Over several decades it has been my privilege to meet with singers and teachers in weeklong courses devoted to the art of singing, in which the correspondence of efficient physiologic and acoustic function to artistic expression is considered in detail. Half of each day is devoted to systematic technique, the remainder to master classes in communication. Several thousand teachers, students, and professional singers have participated. To ensure sequential information, and to avoid interruption of master class performances, observers are asked to write out questions as they occur to them. Questions are then codified and discussed in question-andanswer sessions at the close of the week. These inquiries often go to the heart of vocal pedagogy, pointing out watersheds that separate voice-training systems. This book deals with a number of them—some briefly, some in detail.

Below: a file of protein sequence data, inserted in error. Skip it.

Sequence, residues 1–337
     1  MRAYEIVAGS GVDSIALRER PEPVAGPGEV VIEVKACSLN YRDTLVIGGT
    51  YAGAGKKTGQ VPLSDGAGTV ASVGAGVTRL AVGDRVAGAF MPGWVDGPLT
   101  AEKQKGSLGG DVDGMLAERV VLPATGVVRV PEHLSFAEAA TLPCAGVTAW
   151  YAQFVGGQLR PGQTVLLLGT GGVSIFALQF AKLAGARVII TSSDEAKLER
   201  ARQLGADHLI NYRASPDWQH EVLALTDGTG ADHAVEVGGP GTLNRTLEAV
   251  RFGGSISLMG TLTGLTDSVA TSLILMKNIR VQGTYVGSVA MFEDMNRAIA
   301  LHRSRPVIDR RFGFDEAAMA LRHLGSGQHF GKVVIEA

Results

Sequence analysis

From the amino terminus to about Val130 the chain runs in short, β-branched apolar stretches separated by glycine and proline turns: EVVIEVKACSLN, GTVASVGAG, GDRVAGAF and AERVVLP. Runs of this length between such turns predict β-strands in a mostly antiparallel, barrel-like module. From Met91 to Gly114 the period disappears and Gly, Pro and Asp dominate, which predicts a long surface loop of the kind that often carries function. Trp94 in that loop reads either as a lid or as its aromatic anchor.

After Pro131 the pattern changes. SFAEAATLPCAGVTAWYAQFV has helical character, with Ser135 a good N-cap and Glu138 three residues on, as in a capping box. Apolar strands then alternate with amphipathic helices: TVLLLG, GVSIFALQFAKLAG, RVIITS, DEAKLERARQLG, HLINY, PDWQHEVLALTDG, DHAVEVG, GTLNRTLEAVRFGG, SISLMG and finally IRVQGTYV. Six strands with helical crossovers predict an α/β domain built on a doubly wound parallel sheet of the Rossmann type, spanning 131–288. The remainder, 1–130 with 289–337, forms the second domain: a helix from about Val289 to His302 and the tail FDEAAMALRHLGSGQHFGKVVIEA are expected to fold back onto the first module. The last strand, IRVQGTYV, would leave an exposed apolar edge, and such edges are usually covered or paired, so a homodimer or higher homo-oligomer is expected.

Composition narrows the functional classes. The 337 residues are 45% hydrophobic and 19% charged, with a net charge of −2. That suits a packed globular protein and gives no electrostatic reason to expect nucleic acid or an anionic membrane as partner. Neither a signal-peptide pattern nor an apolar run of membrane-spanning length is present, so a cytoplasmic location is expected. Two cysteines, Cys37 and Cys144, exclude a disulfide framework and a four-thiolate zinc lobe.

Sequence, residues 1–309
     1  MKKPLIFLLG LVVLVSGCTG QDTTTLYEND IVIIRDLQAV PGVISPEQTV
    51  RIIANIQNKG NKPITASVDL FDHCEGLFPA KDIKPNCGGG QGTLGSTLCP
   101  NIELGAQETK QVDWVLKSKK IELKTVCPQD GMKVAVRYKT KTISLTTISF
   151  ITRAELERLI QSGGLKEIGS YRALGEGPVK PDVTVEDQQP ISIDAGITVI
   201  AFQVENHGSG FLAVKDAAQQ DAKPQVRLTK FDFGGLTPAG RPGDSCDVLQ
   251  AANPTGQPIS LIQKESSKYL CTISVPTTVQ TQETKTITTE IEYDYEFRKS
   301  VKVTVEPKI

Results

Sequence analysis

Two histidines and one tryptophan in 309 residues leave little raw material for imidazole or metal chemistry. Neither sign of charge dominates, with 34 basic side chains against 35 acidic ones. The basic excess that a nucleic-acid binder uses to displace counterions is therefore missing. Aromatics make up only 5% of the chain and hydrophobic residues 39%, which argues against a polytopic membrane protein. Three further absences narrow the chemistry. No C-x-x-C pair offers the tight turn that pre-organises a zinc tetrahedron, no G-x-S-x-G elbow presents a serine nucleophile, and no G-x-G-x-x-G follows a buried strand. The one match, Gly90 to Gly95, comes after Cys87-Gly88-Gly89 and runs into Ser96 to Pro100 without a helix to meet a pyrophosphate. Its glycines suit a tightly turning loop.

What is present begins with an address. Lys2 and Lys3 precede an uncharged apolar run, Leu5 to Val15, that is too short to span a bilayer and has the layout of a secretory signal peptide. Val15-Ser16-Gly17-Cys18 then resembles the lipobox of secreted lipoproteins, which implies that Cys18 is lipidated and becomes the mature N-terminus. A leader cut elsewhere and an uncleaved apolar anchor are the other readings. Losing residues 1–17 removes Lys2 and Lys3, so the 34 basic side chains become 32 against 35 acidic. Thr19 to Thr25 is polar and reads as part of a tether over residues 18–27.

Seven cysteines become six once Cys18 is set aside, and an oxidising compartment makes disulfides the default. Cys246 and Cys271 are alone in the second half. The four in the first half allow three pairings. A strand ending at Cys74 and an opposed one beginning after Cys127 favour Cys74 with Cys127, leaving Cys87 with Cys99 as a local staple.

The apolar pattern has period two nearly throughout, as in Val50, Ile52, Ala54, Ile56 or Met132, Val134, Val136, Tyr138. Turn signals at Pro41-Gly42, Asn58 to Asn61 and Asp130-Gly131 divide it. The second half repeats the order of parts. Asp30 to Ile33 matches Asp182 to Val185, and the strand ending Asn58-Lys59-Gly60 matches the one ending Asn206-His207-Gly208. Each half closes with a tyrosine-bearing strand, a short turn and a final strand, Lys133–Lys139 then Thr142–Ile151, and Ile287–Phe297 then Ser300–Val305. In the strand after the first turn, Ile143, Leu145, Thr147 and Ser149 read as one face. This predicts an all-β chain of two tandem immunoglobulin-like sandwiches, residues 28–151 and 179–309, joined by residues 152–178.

Recurring topics have been selected from more than fifteen hundred written questions. They deal with both technique and artistry. Falling into specific categories, they consider a single topic from several angles. I have tried to tailor my responses to the specifics of each question. Associated issues are assembled within overall categories; related questions have been joined together. Technical areas considered involve breath coordination, laryngeal function, resonator-tract response, resonance balancing, voice categorization, voice registration, linguistic articulation, vibrancy, matters of style, the enhancement of artistry and communication, pedagogic and professional attitudes and concerns, and healthy voice production. In answering variations on similar themes, for clarity and completeness, it has occasionally been necessary to revisit important facets of information.